Unity joins the rest of the group in providing generative AI tools to its users, but has taken care (unlike some) to ensure that these tools are built on a solid foundation and not based on theft. Muse, the new suite of AI-powered tools, will start with texture and sprite generation, then move into animation and coding as it matures.
The company announced these features along with a cloud-based platform and the next big version of its engine, Unity 6, at its Unite conference in San Francisco. After a tumultuous few months — a major product plan was completely reversed And the ousted CEO – they’re probably eager to get back to business as usual, if that’s even possible.
Unity has previously positioned itself as the champion of smaller developers who don’t have the resources to use a larger development platform like rival Unreal. As such, the use of AI tools could be seen as a useful addition for developers who cannot, for example, afford to spend days creating 32 slightly different wooden wall textures in high definition .
While there are many tools to help you generate or mutate such assets, it’s often better to be able to say “create more” without leaving your main development environment. The simpler the workflow, the more things can be done without worrying about details like formatting and siled resources.
AI assets are also often used in prototyping, where things like artifacts and slightly wonky quality – usually present regardless of the model these days – don’t really matter. But having your gameplay concept illustrated with original, appropriate artwork rather than stock sprites or free 3D model samples can make the difference in getting your vision across to publishers or investors.
Another new AI feature, Sentis, is a little harder to understand: Unity’s press release states that it “enables developers to integrate complex AI data models into Unity Runtime to create new gaming experiences and features.” So this is a BYO model, with built-in features, and is currently in open beta.
AI for animation and behaviors is on the way and will be added next year. These highly specialized scripting and design processes could benefit greatly from a generative first draft or multiplicative wizard.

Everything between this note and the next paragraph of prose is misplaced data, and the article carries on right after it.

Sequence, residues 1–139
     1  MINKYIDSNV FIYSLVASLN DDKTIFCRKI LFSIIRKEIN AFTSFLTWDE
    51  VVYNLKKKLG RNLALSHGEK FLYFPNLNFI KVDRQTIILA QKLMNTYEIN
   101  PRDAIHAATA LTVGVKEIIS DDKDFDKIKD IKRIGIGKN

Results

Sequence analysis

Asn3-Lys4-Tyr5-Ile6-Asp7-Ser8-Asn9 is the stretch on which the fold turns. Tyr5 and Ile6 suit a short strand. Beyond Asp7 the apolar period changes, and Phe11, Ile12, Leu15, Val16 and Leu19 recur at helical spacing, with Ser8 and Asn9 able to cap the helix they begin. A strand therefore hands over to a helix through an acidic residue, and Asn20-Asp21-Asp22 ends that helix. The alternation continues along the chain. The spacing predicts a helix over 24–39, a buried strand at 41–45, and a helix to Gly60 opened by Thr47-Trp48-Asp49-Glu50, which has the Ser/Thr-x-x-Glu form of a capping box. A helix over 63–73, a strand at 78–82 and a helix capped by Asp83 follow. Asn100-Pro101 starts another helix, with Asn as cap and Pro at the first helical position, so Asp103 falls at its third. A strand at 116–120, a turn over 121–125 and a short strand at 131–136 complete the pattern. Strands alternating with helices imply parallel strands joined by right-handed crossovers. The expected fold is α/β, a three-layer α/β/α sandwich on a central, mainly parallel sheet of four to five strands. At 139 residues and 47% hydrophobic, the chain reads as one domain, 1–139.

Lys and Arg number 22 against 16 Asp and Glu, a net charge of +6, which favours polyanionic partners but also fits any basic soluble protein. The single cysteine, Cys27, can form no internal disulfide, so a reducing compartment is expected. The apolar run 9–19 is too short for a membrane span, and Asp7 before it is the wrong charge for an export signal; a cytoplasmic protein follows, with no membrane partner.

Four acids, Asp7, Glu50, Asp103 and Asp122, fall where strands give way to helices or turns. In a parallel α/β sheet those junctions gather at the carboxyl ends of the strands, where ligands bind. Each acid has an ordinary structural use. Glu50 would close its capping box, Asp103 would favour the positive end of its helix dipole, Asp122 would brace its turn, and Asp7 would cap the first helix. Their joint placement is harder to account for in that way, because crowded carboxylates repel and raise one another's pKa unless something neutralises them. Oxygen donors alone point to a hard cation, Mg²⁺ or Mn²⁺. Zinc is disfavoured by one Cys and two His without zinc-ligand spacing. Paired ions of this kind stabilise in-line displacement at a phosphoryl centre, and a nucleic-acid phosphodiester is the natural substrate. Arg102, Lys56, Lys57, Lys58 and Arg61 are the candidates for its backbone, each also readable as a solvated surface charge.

A big part of this release, the Unity team emphasized, was making sure these tools didn’t live in the shadow of future IP infringement cases. As fun as image generators like Stable Diffusion are, they are built from the assets of artists who have never consented to their work being ingested and regurgitated.
“In order to provide useful, safe, responsible, and respectful results of other creators’ copyrights, we challenged ourselves to innovate in our training techniques for the AI models that power the generation of sprites and graphics. textures from Muse,” reads a blog post about Responsible AI. techniques accompanying the announcement.
The company said it uses a fully custom model trained on Unity-owned or licensed images. Although they used Stable Diffusion to, essentially, generate a larger synthetic dataset from the smaller dataset they had assembled.
For example, this wooden wall texture can be rendered in multiple variations and color types using the Stable Diffusion template, but no new content is added, or at least that’s how they have it described as working. As a result, however, the new dataset is not solely based on data from responsible sources, but is somewhat removed from it, thereby reducing the likelihood that a particular artist or style will be reproduced.
This approach is safer, but Unity has admitted that the quality of the initial models it offers is lower. However, as noted above, the actual quality of the assets generated is not always of great importance.
Unity Muse will cost $30 per month as a standalone offering. The community will undoubtedly soon ask us if the product justifies its price.